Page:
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SPE-615-EBD Case Study

Alverno College

Kelly McGonagil


Sammy is a 16 year old year student of African American heritage. He lives in a small rural town
with his mother, father, and one younger brother. Sammy’s parents, amidst working in low-wage
service jobs, have taken an active role in his education, and are commended for being involved in
the process. Initial academic challenges were noticed in first grade. Sammy had difficulties with
the beginning reading process, and often showed an inability to stay on task and complete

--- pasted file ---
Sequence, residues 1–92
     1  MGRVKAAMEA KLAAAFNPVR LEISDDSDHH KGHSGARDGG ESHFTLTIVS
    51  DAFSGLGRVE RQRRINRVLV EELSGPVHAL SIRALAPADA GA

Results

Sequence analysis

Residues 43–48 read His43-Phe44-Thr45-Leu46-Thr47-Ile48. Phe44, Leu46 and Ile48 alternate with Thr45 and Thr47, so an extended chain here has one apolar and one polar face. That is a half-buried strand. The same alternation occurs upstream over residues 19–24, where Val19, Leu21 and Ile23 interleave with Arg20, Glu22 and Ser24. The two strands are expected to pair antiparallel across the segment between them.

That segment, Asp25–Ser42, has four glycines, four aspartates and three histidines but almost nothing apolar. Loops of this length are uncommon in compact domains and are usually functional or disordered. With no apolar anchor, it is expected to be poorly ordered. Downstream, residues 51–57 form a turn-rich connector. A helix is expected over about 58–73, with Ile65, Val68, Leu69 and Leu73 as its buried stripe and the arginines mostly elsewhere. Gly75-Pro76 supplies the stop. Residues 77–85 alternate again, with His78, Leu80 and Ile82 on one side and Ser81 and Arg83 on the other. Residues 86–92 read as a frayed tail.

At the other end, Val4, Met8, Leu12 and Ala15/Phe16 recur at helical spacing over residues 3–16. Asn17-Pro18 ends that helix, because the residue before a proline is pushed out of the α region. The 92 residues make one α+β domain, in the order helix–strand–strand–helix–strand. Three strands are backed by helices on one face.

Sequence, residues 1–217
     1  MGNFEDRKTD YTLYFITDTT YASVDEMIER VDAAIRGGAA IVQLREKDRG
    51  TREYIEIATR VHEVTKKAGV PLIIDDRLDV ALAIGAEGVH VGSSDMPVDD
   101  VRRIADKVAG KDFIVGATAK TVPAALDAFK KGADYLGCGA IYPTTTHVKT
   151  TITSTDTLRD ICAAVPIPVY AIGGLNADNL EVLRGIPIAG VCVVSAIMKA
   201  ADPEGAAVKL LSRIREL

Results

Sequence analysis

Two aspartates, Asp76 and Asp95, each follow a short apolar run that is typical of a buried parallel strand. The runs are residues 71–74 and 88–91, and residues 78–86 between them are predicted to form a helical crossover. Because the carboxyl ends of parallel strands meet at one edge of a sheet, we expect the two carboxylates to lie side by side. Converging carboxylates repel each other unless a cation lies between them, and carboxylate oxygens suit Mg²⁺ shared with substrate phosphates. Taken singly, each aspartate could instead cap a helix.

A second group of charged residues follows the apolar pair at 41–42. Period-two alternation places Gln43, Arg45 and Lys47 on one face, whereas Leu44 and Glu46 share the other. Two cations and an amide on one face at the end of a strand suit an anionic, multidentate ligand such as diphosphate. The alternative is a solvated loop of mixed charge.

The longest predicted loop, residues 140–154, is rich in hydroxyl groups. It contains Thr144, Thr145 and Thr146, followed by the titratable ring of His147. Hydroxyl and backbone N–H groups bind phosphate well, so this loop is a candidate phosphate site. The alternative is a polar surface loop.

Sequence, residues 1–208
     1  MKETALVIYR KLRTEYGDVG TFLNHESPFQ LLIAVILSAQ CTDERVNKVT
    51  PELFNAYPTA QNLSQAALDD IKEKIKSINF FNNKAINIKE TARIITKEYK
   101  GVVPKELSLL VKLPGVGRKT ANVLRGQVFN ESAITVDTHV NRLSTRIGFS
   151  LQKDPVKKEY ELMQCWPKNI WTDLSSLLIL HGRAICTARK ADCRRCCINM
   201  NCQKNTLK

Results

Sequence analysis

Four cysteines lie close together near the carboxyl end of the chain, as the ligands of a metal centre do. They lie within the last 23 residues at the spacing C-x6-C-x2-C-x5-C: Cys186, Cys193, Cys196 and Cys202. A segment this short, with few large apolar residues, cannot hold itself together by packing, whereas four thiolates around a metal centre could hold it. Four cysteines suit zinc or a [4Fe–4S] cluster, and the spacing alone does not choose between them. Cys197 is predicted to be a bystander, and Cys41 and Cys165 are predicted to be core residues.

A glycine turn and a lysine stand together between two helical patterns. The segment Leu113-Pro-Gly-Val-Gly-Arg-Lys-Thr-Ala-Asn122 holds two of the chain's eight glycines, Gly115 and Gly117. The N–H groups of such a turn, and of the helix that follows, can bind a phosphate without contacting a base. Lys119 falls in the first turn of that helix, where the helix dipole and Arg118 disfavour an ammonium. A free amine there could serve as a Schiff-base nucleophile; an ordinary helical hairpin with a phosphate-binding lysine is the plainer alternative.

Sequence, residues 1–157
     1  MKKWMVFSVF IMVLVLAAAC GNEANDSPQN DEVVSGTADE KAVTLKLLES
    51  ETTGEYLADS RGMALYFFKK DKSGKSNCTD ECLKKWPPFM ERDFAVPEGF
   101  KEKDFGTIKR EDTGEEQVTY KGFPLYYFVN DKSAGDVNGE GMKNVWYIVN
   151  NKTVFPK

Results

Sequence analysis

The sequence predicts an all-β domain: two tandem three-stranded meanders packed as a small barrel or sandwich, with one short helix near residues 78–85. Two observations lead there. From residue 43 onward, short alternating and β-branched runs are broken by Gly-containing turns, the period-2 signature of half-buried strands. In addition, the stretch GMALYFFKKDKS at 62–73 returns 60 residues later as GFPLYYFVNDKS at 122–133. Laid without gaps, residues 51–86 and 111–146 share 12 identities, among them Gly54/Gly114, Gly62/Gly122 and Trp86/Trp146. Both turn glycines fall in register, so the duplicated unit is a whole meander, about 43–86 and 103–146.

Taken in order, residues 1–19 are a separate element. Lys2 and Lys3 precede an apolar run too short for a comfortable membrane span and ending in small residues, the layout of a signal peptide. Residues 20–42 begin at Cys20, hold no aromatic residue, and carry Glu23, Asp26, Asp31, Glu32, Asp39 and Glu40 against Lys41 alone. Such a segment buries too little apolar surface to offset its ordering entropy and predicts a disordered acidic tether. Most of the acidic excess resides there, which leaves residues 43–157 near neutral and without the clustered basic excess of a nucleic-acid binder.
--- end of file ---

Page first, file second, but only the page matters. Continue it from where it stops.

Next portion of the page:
assignments. This lead to a special education evaluation, and determination as a student with a
learning disability.

Upon receiving services, Sammy experienced many inconsistencies with his placement. This
likely had an adverse impact on his education. He initially began receiving assistance from the
school resource room, and then was, twice, transferred back and forth from the regular education
setting to the self-contained classroom. Progress at the elementary level was minimal for
Sammy. Academically, Sammy was still performing well below grade level in mathematics and
reading. Behaviorally, teachers continued to notice problems with impulse control, difficulties
sustaining attention, displays of anger, and task completion. Sammy’s mother reports numerous
emotional outbursts at home as well. His behavior exceeded what is generally accepted and
expected for his age at that time, and was affecting his school and personal performance. It